Caleb Laughlin is an Associate Designer and Architectural Illustrator at Cameron McCarthy Landscape Architects in Eugene, Oregon, as well as a freelance illustrator. Last year Cameron’s rendering of the Willamette River Bridge (below) won an Award of Excellence from the American Society of Architectural Illustrators (ASAI). The image can be found ASAI’s annual publication, Architecture in Perspective 26. Read on to learn more about Caleb and learn how he uses Copics in his amazing illustrations.
When did you first become interested in architectural illustration?
I’ve always been interested in Industrial design, concept art and illustration. As a kid I was fascinated by the design work of Ralph Mcquarrie and Joe Johnston who, among other things, were the lead designers behind the original Star Wars movies. While in the Landscape Architecture program at the University of Oregon I found that I really enjoyed producing the Landscape and Architectural renderings that would accompany our design group’s final presentations.
Do you have any formal training?
I graduated from the Department of Landscape Architecture at the University of Oregon with a Bachelor’s degree in Landscape Architecture as well attended a couple of different design workshops over the years. But other than that I have had no formal training, just a lifelong love of drawing.
What’s a typical day at work like for you?
My typical day is split into two parts, the first I spend at the Landscape Architecture Firm of Cameron McCarthy here in Eugene Oregon, where I focus primarily on Landscape and Architectural illustrations for design concepts, proposals and promotional purposes. I also work from home as a Freelance Illustrator, where I focus on illustrations for books, graphic design and logo and character development.
Why did you choose Copic products for your illustrations?
I’ve used Copic products for years, they are fast and easy to use and the wide variety of colors allows for a fair amount of flexibility with regards to illustration. I use the Mulitiliners for the initial line and texture work and then follow up with sketch markers for color. I use a standard set of go-to sketch colors in virtually every rendering and then mix it up with different hues to help establish the overall drawing mood. When I am done working with the Copics I usually follow up with colored pencil to add an additional depth of color and texture.
Do you prefer traditional media over digital?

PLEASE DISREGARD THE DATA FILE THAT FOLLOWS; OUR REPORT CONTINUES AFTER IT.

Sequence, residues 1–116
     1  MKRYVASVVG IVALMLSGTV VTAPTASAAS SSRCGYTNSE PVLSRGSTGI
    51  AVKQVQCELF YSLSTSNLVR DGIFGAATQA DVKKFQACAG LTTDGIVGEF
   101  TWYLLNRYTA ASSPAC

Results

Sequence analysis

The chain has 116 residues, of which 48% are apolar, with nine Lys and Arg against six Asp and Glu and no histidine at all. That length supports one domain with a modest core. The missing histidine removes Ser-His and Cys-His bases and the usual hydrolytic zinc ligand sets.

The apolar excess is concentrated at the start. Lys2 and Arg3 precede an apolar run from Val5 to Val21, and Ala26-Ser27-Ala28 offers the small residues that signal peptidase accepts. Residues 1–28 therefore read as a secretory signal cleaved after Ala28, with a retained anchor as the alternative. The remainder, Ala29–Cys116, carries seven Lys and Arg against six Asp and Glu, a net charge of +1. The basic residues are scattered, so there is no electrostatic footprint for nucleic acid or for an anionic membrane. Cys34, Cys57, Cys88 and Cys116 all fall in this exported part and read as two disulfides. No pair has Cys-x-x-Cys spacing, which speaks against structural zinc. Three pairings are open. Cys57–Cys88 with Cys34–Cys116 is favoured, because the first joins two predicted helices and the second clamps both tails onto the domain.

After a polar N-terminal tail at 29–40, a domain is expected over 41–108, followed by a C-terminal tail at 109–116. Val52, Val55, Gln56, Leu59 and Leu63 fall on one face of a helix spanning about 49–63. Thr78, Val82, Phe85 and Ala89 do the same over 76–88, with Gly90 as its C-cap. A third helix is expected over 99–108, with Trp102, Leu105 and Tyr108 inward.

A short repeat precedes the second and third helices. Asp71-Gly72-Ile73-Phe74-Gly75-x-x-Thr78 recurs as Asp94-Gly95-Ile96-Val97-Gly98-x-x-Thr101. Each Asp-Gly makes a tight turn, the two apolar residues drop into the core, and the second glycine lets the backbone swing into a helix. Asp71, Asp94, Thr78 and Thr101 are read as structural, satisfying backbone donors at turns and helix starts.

I feel both types of media have very important places within the design profession. Digital media is great for products that may require future revisions, I think for this reason it is a fantastic move that Sketchbook Pro came out with a Copic Color edition, I am now able to utilize my traditional Copic color palette while having the streamlined flexibility of a digital tablet for quick edits. I still prefer the unpredictability that a hand rendered sketch produces where many times unintended mistakes create wonderful surprises that would not have happened in a controlled digital environment.
What’s the most challenging thing about architectural illustration?
One of the most challenging things about architectural illustration or illustration for that matter is allowing yourself to work outside of your comfort zone and push the boundaries of what you know especially within a time sensitive project deadline environment. It is really easy to rely on already proven illustration techniques in order to meet deadlines therefore missing potentially rewarding opportunities for growth.
What are you working on right now? Any personal projects?
At Cameron McCarthy I am working on a couple of concept illustrations for some local clients. I am personally working on illustrations for a children’s book by a local Author in Eugene as well as some animations and illustrations that will be self-published in the future.
What’s your favorite Copic color?
B60 – It’s a fantastic base color for sky and light shadows, it has essences of pinks and purples that become apparent when it is allowed to bleed out on a nice photocopy paper.
Any words of advice for new artists interested in pursuing architectural illustration?
Find illustrators whose renderings intrigue and inspire you and try to emulate their techniques as much as possible, it’s amazing what you will learn about them as well as yourself it will help you to find your own illustration style and technique.